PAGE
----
Click to Skip Ad
Closing in...

This is why your iPhone 7’s battery might die in a year

Published Nov 30th, 2016 10:37AM EST

If you buy through a BGR link, we may earn an affiliate commission, helping support our expert product labs.

There’s a new battery issue plaguing various models of Apple’s phone, including the iPhone 6s. Though we should expect Apple to investigate and fix the bug that causes unexpected shutdowns even when the battery is more than 30% full, users should also understand how these iPhone batteries work. Just like any other battery, they age. The more you use them — and phones do need constant charging — the more likely the battery is to degrade. In fact, even if you buy a brand new iPhone 7 right now, you might still run into battery issues a year from now.

DON’T MISS: There’s a fix for your iPhone 6s’ serious battery drain, but you might not like it

Although Apple is currently offering a free battery replacement program for the iPhone 6s, the severe battery draining bug affects other iPhones as well, including the iPhone 6 and iPhone 5s. In order to understand why this happens, you should watch a new video from Business Insider that perfectly illustrates how a Lithium-ion battery works, and explains why you can expect its maximum capacity to drop over time.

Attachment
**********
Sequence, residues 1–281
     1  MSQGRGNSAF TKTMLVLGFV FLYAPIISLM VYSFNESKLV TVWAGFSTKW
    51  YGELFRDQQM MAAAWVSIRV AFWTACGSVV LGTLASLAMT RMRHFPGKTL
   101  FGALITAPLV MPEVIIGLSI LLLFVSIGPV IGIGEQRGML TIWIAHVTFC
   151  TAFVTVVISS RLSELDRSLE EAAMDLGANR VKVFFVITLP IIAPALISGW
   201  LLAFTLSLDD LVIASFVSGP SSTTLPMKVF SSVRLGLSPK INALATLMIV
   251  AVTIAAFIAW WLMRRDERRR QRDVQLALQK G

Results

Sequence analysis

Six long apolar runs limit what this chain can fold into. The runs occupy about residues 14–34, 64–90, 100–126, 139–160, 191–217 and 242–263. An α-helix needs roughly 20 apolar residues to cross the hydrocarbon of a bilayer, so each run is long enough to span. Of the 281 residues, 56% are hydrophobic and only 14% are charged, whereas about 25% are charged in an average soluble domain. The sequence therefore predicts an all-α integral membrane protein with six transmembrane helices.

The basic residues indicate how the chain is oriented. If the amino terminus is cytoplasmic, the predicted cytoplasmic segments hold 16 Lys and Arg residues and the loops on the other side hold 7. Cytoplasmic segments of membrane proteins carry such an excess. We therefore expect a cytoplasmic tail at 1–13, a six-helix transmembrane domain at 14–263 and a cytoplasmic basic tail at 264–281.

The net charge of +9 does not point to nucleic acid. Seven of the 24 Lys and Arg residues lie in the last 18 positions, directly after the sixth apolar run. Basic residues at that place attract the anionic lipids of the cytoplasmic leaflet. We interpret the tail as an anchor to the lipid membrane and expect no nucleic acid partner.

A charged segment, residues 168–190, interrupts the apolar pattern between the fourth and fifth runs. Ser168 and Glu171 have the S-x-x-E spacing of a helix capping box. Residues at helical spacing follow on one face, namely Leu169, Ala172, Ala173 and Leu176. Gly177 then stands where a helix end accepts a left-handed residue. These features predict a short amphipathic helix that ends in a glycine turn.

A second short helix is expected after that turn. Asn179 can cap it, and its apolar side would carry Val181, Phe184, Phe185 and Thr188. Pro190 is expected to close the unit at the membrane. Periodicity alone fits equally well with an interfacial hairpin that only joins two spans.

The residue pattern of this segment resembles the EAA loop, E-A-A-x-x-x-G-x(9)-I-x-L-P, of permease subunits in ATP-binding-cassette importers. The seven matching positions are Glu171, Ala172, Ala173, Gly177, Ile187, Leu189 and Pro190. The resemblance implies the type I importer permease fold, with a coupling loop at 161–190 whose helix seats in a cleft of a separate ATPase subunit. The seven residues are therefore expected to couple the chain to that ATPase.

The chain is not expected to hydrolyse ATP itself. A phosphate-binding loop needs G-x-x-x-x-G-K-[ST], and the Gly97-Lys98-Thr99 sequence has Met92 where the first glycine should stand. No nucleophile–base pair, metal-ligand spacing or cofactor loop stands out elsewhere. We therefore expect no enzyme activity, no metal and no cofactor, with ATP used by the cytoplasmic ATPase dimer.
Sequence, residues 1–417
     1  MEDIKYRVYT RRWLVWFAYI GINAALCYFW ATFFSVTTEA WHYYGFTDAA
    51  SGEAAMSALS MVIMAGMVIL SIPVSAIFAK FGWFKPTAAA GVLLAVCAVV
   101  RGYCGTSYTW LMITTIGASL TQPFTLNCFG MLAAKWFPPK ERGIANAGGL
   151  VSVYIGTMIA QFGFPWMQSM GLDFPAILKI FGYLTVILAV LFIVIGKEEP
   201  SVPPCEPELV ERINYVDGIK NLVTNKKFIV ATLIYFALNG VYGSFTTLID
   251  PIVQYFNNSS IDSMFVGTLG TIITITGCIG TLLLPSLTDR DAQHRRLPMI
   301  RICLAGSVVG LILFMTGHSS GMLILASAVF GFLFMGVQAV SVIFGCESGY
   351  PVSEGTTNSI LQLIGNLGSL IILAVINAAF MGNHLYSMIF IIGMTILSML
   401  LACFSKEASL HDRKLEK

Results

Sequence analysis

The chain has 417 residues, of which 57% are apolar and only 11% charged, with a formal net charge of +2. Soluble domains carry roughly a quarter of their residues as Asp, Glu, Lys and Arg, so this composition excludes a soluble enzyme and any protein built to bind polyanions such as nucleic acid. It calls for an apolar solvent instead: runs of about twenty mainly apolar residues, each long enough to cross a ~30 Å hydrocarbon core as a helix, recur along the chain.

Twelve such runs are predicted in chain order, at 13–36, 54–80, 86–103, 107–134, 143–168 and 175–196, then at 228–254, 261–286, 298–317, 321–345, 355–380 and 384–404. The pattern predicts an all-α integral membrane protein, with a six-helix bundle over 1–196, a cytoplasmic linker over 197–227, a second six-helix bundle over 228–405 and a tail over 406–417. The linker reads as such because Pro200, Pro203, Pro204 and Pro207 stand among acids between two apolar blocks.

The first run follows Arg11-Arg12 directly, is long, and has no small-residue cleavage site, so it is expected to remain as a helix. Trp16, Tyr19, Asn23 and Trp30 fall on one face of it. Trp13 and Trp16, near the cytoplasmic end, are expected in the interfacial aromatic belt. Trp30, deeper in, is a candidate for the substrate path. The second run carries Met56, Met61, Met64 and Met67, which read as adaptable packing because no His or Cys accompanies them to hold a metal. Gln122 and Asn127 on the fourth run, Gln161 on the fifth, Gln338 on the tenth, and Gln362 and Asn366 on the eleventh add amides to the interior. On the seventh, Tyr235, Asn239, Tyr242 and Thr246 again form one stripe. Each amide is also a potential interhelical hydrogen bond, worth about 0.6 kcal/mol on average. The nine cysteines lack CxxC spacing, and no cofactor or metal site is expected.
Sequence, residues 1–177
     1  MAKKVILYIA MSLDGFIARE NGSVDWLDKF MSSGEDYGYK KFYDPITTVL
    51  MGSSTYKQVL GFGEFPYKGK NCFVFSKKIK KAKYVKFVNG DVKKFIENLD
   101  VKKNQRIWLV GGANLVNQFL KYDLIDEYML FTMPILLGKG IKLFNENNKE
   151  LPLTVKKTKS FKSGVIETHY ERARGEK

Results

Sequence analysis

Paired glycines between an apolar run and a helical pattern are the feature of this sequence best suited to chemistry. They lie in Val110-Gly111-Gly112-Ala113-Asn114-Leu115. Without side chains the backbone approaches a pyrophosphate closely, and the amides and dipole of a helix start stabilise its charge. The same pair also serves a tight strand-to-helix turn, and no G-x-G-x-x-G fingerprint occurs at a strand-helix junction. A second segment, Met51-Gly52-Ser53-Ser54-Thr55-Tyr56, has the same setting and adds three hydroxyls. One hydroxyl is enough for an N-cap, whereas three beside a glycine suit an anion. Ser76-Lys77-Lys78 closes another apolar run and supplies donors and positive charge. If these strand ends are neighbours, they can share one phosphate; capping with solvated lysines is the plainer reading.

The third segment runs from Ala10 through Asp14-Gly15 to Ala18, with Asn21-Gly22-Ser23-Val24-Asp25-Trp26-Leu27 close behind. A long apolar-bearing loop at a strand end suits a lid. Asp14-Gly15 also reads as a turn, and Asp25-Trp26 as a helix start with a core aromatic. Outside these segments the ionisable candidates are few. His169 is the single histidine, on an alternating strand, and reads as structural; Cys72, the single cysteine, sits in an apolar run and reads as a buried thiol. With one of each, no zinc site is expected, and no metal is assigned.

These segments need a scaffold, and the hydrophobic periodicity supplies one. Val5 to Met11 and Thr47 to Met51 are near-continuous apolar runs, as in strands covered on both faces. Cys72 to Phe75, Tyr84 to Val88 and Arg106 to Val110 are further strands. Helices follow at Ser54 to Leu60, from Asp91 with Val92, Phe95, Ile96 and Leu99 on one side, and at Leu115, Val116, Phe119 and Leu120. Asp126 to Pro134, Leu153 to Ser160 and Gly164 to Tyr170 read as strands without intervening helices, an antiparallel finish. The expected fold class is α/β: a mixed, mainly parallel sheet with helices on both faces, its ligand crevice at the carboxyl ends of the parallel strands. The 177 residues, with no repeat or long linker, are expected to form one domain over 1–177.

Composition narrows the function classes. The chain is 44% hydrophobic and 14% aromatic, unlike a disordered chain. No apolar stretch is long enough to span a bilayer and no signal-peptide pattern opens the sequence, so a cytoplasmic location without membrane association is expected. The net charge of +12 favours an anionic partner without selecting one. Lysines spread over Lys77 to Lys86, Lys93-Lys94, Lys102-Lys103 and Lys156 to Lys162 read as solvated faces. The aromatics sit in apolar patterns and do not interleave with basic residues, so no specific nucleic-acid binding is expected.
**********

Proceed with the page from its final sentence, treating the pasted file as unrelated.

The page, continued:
It’s the actual components of the battery that cause the problem. The chemical reaction inside the battery is what makes it tick. But it’s also responsible for its demise. The more battery charging cycles you put it through, the more likely you are to drop the maximum theoretical charge.

Basically, Lithium ions build up over time and cripple battery life.

Given that you charge your iPhone almost every day, you’re likely to get more than 300 cycles a year. Maybe significantly more than that. And a mobile battery will drop 20% in charge after 400 cycles, the video explains. The fact that the battery is relatively small doesn’t help either.

So in about a year after you buy the brand new iPhone 7, or any other smartphone with a similar battery consumption cycle, you might experience battery issues.

Check out Business Insider‘s video at the source link below.

Chris Smith Senior Writer

Chris Smith has been covering consumer electronics ever since the iPhone revolutionized the industry in 2008. When he’s not writing about the most recent tech news for BGR, he brings his entertainment expertise to Marvel’s Cinematic Universe and other blockbuster franchises.

Outside of work, you’ll catch him streaming almost every new movie and TV show release as soon as it's available.